A political procrastination stored in electronic voting machines seems to have finally found a populist paraphrase. Which the pundits were waiting for after the Parliament elections where an infant political outfit, Maharashtra Navanirman Sena (MNS) polled over a lakh votes on average in every major constituency.
The campaign for the Marathi manoos had takers after all in Maharashtra. Coupled with Shiv Sena, the electoral impact of the agenda of language and culture of the land proved too strong for the Congress to ignore; with assembly polls threateningly close.
So all schools under the CBSE and ICSE, both central boards, have to now teach Marathi to children from Class 1 up to Class 4.
“It is vote bank politics,” said Professor Venkatesh Kumar, political scientist at the University of Mumbai, adding “political appeasement with an eye on the upcoming assembly elections later this year. The split of Maharashtrian votes between the Shiv Sena and MNS, Congress sees an opportunity to make a dent in vote shares.”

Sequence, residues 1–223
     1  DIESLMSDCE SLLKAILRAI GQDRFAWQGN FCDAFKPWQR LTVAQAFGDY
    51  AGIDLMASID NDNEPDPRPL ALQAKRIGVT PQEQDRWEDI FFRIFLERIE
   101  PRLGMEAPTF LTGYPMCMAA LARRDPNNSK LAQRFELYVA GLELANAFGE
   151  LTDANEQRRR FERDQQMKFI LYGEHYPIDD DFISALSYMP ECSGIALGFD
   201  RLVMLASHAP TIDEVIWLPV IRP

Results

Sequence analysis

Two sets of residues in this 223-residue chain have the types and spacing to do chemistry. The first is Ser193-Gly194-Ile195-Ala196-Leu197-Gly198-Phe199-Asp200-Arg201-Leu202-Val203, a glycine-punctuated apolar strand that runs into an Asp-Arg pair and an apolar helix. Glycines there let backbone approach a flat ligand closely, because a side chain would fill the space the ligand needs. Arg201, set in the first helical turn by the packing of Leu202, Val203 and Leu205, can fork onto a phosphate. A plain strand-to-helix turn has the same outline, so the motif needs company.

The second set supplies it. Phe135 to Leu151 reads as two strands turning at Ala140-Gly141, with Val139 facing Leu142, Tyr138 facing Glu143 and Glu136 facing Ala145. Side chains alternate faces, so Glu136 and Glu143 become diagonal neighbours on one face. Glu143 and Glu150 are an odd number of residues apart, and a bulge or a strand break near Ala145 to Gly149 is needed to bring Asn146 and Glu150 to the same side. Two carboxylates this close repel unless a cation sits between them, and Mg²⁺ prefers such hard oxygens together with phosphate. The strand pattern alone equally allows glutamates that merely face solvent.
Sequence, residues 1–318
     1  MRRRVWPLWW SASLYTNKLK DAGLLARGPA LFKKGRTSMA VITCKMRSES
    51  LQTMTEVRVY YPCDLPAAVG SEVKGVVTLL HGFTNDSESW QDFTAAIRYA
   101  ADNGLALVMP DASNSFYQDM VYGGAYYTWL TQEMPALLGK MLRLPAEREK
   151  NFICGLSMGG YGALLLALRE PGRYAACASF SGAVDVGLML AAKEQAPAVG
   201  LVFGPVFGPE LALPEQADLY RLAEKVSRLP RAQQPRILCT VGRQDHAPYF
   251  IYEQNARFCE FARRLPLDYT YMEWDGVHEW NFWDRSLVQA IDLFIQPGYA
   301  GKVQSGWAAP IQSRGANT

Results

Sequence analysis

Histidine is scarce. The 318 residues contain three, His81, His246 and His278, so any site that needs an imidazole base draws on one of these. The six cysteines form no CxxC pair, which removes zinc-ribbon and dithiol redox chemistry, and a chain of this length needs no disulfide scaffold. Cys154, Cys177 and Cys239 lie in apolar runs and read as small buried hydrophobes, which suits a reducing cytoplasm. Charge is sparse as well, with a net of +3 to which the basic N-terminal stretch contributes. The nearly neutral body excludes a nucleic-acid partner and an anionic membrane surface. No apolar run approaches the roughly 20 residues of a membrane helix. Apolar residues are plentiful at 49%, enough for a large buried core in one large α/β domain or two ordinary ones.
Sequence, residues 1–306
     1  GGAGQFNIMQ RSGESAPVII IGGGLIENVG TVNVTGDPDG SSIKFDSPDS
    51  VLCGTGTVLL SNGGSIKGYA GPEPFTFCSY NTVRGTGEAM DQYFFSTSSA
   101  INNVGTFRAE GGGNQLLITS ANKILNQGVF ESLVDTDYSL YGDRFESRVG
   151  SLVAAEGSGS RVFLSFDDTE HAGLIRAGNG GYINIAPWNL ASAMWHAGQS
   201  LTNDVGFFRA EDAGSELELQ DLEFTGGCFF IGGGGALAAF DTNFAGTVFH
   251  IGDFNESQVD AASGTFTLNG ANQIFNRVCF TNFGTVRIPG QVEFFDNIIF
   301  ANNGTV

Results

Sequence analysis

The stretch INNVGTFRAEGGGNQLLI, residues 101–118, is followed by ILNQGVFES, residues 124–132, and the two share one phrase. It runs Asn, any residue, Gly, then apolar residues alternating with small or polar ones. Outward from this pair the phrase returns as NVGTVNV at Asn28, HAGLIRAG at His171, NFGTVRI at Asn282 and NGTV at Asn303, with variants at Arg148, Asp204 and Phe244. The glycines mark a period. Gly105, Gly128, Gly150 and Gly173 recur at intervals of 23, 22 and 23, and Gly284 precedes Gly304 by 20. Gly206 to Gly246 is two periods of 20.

Schools might face withdrawal of registration and no-objection certificate for non-compliance which many principals feel, on condition of anonymity, amounts to blackmailing.
In India there is no dearth of precedence though — Tamil Nadu and Andhra Pradesh — to name two, a trend political analysts describe as “politics of nativism.” Because nurturing vote bank is a bigger concern over ensuring quality of education.
Strangely, one of the central Boards, the ICSE already had the rule all the while, which was allegedly flouted by a majority. Then, dictionary meaning of ‘resolution’ (the operative part of GR) is: “a formal expression of opinion or intention made” and public memory is indeed short!